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|Posted: Fri May 04, 2007 4:05 pm Post subject: How dangerous is dope?
|How dangerous is dope?
As the reclassification of cannabis draws near, Joe Muggs investigates its links with mental illness
The inquest last week into the death of Robert Dickinson, who shot dead his neighbour in a dispute over a garden hedge and then committed suicide in prison, heard that he had been "drunk and drugged" and had smoked "up to five cannabis cigarettes a day".
Roll up: cannabis use will no longer be so heavily penalised
The coroner told jurors: "I would want to stress... that cannabis is not a harmless drug and this case demonstrates how devastating its effects can be." Outside the court, Det Insp Peter Bray, of Lincolnshire Police, said: "It does nobody any good to use cannabis and can lead to these sorts of things."
Yet cannabis use is steadily increasing, and the drug will be redefined later this month from a Category B controlled substance (like amphetamines) to Category C (with prescription-only drugs, such as Valium). Many high-profile police officers have campaigned for the relaxation of the law, most notably Brian Paddick, who controversially introduced de facto decriminalisation of cannabis in Brixton last year.
So how does the resurgence of the term "cannabis psychosis" square with the seeming increased acceptance of the drug? Dr Zerrin Atakan of the National Psychosis Unit, who has researched the issue, is cautious about the use of the term:
"Cannabis psychosis is a very vague term. If we ever use the phrase, it is only to describe very short-term effects immediately following smoking, and it certainly doesn't refer to users having a psychotic disorder. People may feel frightened or paranoid, but these feelings pass in a matter of hours or, more rarely, days, and practically never require treatment."
Certainly, many people who have smoked cannabis talk of experiencing these paranoid symptoms. One user recalls:
"When I was smoking all day every day, I would read so much into everything that people said. A friend could say 'Hello' to me and I'd reply: 'What? What do you mean by that?' "
But there are more serious risks. "What we are finding is that people who smoke very strong stuff very regularly from a young age - when their brains are still forming - are, in fact, in danger of triggering problems," says Dr Atakan.
"If you have a genetic predisposition - and you may not be aware of this - then it appears that heavy usage can set off schizophrenic symptoms, for example."
Dr Atakan points to the new varieties of the drug, which are deliberately bred to contain very large amounts of the active ingredient THC (tetrahydrocannabinol), are grown in this country, and are replacing the more traditional imported varieties of grass and hash on the streets.
He says: "The other main active substance in cannabis is cannabidiol or CBD, which has a calming effect - indeed, there is research being undertaken at the moment into its potential uses as an anti-psychotic. The problem with the new varieties is that they are bred to contain more THC and less CBD, and the amounts are unpredictable."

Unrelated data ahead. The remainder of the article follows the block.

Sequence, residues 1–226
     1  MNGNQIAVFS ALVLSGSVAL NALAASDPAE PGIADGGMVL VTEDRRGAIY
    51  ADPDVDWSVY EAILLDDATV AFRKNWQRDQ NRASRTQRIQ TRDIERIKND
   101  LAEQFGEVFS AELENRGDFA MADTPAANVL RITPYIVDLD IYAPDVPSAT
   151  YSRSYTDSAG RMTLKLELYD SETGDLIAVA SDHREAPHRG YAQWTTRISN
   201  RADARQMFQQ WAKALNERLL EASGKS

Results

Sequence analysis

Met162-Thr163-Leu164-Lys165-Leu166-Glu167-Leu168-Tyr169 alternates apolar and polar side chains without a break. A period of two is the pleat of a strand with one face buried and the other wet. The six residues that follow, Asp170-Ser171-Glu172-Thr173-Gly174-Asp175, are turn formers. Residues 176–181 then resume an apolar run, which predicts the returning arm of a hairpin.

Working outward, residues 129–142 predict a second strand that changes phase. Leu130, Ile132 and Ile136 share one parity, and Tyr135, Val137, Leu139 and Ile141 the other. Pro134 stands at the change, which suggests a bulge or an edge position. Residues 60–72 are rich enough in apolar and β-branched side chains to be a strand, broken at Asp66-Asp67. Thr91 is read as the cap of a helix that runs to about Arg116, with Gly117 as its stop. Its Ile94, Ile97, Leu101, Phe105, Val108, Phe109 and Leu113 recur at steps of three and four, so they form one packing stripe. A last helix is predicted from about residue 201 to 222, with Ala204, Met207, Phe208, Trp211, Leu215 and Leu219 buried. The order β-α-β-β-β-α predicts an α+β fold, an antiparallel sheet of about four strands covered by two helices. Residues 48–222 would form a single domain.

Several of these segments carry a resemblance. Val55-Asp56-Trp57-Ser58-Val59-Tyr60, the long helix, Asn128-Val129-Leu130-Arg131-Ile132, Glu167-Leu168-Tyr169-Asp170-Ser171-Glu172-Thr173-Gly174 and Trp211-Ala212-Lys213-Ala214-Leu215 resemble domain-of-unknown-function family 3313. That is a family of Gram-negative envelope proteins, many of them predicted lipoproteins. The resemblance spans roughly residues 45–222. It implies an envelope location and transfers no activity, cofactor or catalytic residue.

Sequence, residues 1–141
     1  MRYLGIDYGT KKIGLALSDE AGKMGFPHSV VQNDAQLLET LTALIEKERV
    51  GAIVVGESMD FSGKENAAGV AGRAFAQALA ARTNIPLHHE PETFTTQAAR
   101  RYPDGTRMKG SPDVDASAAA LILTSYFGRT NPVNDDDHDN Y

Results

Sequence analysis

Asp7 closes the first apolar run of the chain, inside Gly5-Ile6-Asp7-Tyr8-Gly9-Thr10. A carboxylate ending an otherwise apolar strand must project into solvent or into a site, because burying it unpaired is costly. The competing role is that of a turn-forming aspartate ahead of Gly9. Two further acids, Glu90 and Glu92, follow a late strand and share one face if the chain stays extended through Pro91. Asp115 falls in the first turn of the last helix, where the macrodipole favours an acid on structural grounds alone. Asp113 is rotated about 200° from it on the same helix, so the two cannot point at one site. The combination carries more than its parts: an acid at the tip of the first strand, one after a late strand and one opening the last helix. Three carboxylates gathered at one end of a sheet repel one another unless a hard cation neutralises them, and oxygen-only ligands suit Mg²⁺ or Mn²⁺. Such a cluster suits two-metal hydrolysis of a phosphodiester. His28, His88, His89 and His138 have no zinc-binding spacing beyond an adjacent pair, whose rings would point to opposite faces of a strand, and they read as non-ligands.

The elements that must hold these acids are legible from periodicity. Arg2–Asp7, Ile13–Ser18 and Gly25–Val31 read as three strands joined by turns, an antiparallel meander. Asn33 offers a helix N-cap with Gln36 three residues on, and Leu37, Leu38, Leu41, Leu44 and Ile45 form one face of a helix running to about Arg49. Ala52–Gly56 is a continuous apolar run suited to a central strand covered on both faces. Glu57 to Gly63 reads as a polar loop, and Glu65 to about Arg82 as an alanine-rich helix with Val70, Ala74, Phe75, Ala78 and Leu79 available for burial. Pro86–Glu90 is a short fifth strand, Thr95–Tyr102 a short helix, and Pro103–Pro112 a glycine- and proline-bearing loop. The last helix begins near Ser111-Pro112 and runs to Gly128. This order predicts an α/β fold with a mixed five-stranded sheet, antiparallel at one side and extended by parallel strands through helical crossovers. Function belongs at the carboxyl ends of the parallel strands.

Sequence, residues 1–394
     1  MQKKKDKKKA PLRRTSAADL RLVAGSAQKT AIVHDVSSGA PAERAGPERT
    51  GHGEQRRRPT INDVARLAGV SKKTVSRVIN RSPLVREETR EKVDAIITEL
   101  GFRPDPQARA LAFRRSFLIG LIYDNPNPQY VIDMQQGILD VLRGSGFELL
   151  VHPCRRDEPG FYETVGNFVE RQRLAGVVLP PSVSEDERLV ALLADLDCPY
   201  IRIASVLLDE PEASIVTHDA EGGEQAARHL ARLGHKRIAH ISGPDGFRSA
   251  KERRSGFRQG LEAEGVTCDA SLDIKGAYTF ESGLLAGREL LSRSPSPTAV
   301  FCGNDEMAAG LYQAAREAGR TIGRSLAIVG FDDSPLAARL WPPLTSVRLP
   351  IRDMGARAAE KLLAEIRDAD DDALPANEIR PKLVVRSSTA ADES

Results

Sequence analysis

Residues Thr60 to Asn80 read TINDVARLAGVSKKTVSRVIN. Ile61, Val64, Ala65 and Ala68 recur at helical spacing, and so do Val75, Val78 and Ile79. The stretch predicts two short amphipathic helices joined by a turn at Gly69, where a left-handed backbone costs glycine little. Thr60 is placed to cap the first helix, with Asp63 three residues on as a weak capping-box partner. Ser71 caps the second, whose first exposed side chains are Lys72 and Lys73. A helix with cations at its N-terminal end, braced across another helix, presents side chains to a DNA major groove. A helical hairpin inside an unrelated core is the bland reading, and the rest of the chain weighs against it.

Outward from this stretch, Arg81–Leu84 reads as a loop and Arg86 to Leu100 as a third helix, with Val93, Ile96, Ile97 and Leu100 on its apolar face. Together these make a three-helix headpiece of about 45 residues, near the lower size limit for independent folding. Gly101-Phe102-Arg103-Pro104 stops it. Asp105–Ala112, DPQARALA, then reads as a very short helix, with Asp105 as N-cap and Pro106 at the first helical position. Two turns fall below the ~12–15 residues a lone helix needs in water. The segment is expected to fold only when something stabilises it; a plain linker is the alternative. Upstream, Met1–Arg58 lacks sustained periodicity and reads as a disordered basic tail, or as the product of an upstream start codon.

This means that people who smoke cannabis as a relaxant may buy a new variety and find that its effects are drastically different to those they are used to, and have a very unsettling experience. Research shows that strong cannabis causes a tolerance to build-up in users, and is very habit-forming, which can exacerbate these problems, causing users to buy without discriminating between varieties.
A spokesman for the mental health charity Mind is circumspect, though: "We have no proof at all of a direct link between the immediate disorientation caused by cannabis and violent behaviour. If anything, the average user is unlikely to venture far beyond their front door, if they do over-indulge and suffer from paranoia.
"It's true that people who use a lot of cannabis are statistically more likely to be convicted of violent crime, but there is a very complex web of factors at work here. These tend to be people caught up in criminal activities, thanks to their contact with the drug world, so they may be violent anyway, or simply more visible to the police. There is, however, absolutely no evidence that cannabis itself causes violent behaviour.
"The direct link between alcohol and violence is proven, and the damage caused as a result is increasing constantly. Even prescription drugs have huge hazards - only recently, the entire new generation of anti-depressants, apart from Prozac, were banned for under-18s, because, like cannabis, they can trigger severe mental illness in later life."
Will the forthcoming recategorisation have any useful effect? Dr Atakan is not convinced: "It's a fudge, it won't make any difference at all to who is selling and who is buying the stuff.
"Without education, it is completely useless. Children need to be taught the hazards at an early age, and it needs to be regulated so people know what they are getting. This can only happen through legalisation."